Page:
My friend and colleague Jim Schmidt had a great guest column in Saturday’s Galveston County Daily News:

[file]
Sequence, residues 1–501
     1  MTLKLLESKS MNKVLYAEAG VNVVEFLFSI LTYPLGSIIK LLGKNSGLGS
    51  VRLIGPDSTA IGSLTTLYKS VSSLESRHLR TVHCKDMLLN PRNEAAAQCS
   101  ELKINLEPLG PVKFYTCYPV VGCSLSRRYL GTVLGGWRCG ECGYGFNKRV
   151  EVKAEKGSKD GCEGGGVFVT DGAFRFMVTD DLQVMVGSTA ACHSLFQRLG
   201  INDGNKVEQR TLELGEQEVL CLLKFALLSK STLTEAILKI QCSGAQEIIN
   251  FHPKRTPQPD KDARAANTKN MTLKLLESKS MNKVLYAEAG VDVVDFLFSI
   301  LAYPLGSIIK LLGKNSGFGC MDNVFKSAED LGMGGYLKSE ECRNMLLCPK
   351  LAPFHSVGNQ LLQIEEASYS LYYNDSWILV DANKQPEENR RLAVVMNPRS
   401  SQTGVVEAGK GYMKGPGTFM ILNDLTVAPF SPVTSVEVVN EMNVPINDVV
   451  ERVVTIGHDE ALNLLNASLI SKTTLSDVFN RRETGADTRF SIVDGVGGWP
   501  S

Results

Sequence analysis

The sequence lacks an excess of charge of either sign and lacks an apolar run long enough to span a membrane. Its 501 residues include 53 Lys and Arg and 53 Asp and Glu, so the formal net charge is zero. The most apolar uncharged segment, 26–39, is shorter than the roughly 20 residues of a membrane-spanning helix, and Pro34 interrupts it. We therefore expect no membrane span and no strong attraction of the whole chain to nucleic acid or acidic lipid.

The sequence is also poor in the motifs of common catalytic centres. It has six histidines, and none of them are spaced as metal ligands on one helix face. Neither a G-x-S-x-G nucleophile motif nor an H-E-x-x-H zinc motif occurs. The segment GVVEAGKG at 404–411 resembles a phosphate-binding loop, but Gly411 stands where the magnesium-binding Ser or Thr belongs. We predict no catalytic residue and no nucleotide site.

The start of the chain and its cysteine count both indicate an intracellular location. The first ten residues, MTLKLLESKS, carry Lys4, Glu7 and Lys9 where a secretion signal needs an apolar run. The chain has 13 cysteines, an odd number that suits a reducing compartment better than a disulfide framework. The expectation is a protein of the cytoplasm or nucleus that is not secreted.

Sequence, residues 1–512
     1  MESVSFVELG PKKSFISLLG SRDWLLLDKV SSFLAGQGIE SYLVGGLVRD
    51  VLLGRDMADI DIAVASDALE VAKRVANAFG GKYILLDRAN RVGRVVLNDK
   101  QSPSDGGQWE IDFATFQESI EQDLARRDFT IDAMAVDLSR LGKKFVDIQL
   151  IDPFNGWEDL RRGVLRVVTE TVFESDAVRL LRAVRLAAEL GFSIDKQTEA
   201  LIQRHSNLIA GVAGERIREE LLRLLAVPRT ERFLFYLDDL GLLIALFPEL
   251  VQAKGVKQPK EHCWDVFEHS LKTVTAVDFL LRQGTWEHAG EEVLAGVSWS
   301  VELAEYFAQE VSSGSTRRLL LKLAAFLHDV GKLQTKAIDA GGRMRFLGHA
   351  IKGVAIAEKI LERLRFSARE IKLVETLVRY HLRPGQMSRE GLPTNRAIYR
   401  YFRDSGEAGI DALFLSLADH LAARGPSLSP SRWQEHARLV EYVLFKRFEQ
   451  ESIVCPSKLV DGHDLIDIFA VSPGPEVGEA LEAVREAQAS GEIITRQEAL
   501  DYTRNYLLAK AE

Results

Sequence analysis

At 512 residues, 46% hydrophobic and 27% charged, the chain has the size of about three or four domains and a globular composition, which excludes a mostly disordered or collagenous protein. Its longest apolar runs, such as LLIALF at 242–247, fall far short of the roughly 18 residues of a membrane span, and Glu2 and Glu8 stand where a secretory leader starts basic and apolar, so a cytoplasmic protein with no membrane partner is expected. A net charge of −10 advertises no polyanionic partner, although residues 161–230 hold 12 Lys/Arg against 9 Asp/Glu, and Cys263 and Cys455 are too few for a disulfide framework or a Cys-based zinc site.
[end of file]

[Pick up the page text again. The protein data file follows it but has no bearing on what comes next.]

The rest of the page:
150 Years Ago: Isle Needs marker to Honor Civil War Slaves